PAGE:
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The European Commission (EC) has proposed a deal to the member states that could lead to an increase of natural gas imports from Egypt and Israel, reported Reuters, citing a draft document that it had seen.
This draft memorandum of understanding (MOU ) is part of the European Union ’s (EU) efforts to reduce its reliance on Russian natural gas imports in the wake of Moscow’s military incursion on Ukraine.
The MoU is still subject to changes and requires ratification from the governments.
The nine-page document reads: “The natural gas to be shipped to the European Union will originate either from the Arab Republic of Egypt, the State of Israel, or any other source in the East Mediterranean region, including EU Member States in the region.”
Although the EU has stated publicly it plans to conclude a deal with Egypt and Israel before summer, the details stated in the draft document have not been made public.
EU Commission President Ursula von der Leyen is expected to be in Egypt next week. It is, however, not known if the MoU will be signed during the visit.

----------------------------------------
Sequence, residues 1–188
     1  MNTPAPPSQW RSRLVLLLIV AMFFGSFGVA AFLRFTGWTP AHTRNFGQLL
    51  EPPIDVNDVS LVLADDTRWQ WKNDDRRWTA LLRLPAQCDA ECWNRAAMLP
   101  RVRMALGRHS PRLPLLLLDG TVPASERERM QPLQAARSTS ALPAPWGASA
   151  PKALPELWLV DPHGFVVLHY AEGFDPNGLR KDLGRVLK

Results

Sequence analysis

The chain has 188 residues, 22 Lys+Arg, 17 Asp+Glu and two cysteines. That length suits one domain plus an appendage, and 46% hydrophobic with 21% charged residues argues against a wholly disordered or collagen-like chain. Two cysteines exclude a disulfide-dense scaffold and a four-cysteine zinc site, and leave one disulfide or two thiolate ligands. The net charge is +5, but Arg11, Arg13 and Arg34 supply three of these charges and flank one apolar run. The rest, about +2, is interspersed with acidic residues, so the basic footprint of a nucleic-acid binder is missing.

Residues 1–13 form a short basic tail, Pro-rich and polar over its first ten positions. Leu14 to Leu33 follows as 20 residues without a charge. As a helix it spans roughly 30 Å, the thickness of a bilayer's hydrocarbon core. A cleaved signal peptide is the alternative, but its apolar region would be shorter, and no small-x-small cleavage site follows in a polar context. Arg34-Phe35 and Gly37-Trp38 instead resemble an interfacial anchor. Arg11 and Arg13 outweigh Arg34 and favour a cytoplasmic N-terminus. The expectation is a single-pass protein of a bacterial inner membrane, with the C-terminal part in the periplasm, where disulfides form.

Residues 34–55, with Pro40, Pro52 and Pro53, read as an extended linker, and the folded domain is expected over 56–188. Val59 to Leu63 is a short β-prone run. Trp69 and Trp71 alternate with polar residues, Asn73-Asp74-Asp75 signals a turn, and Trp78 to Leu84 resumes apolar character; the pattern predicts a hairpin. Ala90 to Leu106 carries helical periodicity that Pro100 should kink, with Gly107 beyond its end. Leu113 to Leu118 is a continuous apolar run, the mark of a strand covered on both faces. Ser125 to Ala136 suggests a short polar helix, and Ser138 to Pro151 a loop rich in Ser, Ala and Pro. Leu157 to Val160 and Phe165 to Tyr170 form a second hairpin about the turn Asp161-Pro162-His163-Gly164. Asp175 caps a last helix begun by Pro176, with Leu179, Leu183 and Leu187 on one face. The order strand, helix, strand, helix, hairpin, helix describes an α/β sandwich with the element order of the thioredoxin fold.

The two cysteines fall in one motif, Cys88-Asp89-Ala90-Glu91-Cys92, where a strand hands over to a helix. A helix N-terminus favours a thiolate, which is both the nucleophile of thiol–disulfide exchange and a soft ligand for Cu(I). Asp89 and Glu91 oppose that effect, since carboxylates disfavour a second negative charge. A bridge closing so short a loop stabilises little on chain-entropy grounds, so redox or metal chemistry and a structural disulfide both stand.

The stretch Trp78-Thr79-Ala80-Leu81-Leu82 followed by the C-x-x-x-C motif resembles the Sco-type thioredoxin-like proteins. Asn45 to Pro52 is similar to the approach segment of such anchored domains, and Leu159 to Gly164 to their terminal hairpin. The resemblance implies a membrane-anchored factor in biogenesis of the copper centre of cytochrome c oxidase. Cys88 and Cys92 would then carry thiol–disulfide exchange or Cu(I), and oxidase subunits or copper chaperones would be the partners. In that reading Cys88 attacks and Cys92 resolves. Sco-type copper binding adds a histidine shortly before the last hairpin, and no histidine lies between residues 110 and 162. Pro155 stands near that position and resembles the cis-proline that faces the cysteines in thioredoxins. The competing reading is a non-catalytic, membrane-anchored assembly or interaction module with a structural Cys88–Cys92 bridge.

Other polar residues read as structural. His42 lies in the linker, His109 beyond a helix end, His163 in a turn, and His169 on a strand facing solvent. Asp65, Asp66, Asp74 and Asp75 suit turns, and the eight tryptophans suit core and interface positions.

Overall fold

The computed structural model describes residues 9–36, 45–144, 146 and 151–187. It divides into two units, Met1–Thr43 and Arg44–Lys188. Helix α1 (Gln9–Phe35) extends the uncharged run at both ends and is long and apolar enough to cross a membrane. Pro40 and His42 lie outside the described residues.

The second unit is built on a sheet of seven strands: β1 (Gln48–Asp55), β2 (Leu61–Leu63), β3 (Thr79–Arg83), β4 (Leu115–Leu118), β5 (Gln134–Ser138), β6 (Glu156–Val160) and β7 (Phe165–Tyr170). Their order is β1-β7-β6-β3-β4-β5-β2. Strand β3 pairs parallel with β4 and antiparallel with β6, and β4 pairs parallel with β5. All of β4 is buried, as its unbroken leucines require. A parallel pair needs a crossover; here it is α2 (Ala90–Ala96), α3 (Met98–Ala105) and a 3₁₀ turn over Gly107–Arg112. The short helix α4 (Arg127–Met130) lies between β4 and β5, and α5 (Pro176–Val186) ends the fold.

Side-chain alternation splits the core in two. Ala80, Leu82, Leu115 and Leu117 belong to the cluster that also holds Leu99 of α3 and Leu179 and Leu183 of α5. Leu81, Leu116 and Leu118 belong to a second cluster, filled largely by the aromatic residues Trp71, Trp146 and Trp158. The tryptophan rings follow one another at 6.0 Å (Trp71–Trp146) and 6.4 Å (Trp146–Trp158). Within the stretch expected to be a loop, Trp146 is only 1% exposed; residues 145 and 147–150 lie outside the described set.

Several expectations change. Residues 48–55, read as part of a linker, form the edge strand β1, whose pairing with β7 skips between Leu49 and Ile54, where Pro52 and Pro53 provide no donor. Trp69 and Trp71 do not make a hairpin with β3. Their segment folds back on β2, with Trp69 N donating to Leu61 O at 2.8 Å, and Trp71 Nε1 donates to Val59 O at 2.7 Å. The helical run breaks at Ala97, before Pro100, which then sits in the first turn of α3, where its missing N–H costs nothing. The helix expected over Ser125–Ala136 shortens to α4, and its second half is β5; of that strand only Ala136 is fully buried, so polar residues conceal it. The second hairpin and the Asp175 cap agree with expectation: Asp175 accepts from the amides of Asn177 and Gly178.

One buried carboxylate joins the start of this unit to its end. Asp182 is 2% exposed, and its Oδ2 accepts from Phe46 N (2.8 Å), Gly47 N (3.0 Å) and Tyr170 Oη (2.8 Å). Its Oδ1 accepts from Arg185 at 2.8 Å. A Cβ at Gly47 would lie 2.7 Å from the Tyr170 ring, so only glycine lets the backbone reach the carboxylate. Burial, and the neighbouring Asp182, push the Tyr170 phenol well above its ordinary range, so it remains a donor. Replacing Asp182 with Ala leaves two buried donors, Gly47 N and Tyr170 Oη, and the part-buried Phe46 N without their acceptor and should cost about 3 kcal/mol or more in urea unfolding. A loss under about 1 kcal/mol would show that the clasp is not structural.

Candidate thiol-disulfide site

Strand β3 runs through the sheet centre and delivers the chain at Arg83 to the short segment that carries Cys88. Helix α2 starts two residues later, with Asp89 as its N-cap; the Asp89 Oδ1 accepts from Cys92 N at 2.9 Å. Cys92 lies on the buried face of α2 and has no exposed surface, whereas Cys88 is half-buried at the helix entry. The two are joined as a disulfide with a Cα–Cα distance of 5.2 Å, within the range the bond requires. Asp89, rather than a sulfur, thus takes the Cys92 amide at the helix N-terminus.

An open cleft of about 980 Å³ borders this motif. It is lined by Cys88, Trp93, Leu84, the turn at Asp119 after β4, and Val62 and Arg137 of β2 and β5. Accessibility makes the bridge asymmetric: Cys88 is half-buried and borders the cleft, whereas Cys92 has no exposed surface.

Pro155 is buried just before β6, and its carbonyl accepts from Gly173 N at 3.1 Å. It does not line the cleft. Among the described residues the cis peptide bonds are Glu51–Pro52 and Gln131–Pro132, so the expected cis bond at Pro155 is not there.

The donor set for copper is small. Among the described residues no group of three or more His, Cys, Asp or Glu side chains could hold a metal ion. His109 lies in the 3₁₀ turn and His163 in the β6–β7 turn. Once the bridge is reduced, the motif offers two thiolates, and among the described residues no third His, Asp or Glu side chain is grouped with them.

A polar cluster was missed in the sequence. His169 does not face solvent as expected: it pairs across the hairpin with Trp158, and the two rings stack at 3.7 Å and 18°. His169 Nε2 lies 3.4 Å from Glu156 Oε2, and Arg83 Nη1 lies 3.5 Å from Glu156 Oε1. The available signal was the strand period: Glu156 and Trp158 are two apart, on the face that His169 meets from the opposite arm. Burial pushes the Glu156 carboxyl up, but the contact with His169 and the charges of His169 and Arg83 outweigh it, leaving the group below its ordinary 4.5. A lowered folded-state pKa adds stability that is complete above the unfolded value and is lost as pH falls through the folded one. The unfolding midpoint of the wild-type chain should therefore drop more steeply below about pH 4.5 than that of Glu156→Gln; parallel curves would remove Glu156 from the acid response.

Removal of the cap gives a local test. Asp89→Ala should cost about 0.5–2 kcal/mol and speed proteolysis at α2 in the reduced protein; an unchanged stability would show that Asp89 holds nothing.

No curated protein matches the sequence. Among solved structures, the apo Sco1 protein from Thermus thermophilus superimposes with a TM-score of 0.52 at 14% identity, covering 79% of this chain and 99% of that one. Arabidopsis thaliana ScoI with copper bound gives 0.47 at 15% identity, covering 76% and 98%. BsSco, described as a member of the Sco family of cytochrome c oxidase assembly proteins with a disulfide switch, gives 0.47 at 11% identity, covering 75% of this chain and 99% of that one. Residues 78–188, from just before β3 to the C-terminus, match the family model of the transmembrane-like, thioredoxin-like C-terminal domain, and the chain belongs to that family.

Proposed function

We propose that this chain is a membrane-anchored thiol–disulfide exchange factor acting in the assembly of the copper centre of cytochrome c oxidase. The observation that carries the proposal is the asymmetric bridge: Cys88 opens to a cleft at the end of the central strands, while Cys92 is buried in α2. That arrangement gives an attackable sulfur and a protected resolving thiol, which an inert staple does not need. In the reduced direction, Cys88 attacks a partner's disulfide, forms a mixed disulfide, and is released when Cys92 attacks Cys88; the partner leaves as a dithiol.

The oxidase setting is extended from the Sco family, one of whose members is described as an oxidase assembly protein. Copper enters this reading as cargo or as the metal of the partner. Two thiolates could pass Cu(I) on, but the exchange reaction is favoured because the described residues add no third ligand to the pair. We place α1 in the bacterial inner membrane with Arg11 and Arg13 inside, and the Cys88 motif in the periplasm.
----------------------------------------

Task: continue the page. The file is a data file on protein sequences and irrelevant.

The draft document details the key principles laid out for fuel cooperation between the EU, Egypt, and Israel. Despite this, it does not indicate how much gas would be imported to the EU or the delivery timelines.
According to the document, the MoU would be valid for nine years from the date of the signing, although this is likely to change.
Israel and Egypt are planning to increase production and exports in the years to come.
In 2021, Egypt exported 8.9 billion cubic metres (bcm) of LNG, and 4.7bcm until May 2022, as per the Refinitiv Eikon data. The majority of its exports go to Asia.
Israel is expanding its projects and bringing new fields into production. It intends to double its annual gas production to nearly 40bcm in a few years, according to industry officials.
Israel expects to strike a gas supply deal with Europe and is also looking at building a pipeline to export more gas to Egypt.
In 2021, the EU imported 155bcm of gas from Russia, which represents approximately 40% of its total consumption.
The document reads that the parties “will work collaboratively to set forth the appropriate ways and means for implementing the purpose of this memorandum of understanding in order to expedite the export of natural gas to the EU.”
The MoU does not place any binding legal or financial clause on the parties, the document said.
The EU could also finance new infrastructure in Egypt if the projects are aligned with its commitment to not encourage investments into fossil fuel infrastructure projects in countries, “unless they are fully consistent with an ambitious, clearly defined pathway towards climate neutrality”.
The EU may also provide funds to develop technologies that help to mitigate emissions and lead to natural gas decarbonisation.